“Stirring and heartbreaking.” – David Owen, author of Where the Water Goes
One man’s thrilling and transporting journey by canoe across Alaska in search of the king salmon
The Yukon river is 2,000 miles long, the longest stretch of free-flowing river in the United States. In this riveting examination of one of the last wild places on earth, Adam Weymouth canoes along the river’s length, from Canada’s Yukon Territory, through Alaska, to the Bering Sea. The result is a book that shows how even the most remote wilderness is affected by the same forces reshaping the rest of the planet.
Every summer, hundreds of thousands of king salmon migrate the distance of the Yukon to their spawning grounds, where they breed and die, in what is the longest salmon run in the world. For the communities that live along the river, salmon was once the lifeblood of the economy and local culture. But climate change and a globalized economy have fundamentally altered the balance between man and nature; the health and numbers of king salmon are in question, as is the fate of the communities that depend on them.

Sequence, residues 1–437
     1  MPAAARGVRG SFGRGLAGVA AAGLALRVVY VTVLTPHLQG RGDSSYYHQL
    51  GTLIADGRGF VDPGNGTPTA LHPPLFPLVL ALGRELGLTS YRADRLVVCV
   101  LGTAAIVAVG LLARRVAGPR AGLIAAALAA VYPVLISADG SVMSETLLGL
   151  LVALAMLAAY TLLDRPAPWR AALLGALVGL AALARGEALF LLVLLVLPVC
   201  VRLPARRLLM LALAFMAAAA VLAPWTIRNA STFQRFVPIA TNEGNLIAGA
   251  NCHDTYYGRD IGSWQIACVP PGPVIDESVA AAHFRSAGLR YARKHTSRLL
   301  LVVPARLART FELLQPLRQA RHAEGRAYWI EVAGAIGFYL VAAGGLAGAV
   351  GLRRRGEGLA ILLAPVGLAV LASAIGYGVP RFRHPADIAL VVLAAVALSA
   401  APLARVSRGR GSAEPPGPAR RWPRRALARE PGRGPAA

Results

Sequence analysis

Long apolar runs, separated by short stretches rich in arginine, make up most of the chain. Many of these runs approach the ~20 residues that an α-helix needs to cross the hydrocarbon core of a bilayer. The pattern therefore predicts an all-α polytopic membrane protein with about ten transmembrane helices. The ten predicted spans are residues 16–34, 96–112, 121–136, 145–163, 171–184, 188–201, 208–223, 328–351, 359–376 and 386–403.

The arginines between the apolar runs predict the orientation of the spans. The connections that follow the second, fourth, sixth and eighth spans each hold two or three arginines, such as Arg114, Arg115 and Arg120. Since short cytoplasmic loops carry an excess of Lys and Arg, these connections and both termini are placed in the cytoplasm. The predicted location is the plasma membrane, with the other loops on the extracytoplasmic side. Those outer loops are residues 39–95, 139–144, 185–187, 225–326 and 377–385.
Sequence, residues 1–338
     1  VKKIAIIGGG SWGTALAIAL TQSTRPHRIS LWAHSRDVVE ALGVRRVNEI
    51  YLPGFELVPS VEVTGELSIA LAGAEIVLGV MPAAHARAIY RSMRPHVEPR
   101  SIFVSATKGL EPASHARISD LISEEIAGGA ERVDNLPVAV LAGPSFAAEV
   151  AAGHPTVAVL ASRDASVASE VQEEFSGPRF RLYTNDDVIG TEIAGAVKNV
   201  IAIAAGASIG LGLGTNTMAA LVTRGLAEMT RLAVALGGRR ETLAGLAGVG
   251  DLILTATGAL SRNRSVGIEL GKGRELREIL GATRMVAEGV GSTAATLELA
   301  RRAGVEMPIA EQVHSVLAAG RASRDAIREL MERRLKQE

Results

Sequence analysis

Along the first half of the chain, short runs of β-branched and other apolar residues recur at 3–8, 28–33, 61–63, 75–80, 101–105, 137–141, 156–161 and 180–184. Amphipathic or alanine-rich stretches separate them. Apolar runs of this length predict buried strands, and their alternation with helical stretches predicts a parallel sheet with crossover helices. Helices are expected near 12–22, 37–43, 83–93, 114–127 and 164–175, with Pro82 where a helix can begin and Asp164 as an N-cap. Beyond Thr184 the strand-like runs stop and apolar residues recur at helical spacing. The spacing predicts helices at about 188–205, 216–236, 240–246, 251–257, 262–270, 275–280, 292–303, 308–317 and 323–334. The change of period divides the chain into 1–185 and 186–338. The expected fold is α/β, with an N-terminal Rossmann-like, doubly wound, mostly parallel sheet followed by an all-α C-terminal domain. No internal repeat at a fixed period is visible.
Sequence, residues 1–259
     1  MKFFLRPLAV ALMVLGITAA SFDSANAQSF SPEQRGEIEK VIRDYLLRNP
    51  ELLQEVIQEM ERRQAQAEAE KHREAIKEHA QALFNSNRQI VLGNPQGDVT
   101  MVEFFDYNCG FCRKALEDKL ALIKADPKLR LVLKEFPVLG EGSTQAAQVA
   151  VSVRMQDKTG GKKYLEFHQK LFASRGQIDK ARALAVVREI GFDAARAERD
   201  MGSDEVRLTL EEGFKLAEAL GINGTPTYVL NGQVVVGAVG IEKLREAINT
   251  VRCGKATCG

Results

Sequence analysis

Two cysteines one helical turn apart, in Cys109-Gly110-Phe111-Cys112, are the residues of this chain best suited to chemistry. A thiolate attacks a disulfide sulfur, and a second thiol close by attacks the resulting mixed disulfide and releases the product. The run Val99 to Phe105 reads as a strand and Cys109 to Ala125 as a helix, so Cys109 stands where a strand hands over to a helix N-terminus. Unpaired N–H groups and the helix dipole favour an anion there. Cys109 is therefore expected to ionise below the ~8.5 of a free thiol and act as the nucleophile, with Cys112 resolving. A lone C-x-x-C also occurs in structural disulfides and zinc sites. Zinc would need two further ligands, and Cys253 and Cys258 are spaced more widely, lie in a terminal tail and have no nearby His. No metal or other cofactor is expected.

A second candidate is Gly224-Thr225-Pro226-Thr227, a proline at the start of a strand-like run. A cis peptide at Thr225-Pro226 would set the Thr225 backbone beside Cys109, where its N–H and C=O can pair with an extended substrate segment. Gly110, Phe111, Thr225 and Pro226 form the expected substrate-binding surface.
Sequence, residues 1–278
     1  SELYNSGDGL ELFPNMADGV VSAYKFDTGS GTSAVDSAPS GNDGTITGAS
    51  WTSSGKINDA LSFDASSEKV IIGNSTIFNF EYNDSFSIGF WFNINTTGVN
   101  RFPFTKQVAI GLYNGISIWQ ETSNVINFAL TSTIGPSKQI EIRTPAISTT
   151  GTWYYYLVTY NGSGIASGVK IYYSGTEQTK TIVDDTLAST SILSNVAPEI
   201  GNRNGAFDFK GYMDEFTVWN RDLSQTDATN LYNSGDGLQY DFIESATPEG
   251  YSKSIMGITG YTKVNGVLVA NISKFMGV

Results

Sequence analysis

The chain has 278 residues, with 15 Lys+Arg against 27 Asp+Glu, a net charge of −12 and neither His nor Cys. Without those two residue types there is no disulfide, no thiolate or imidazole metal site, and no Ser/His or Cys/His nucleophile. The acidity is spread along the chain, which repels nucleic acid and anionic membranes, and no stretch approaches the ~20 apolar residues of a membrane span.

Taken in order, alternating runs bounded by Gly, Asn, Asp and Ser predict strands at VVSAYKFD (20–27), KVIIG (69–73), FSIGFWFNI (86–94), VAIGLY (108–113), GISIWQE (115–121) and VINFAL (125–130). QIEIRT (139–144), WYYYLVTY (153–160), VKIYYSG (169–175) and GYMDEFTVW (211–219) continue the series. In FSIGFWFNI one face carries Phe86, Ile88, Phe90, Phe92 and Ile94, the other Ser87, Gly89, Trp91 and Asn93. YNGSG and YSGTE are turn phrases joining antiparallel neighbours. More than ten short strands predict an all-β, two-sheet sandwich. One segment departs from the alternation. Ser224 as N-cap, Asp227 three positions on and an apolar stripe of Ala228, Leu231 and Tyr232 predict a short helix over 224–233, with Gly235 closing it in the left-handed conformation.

Traveling along the Yukon as the salmon migrate, a four-month journey through untrammeled landscape, Adam Weymouth traces the fundamental interconnectedness of people and fish through searing and unforgettable portraits of the individuals he encounters. He offers a powerful, nuanced glimpse into indigenous cultures, and into our ever-complicated relationship with the natural world. Weaving in the rich history of salmon across time as well as the science behind their mysterious life cycle, Kings of the Yukon is extraordinary adventure and nature writing at its most urgent and poetic.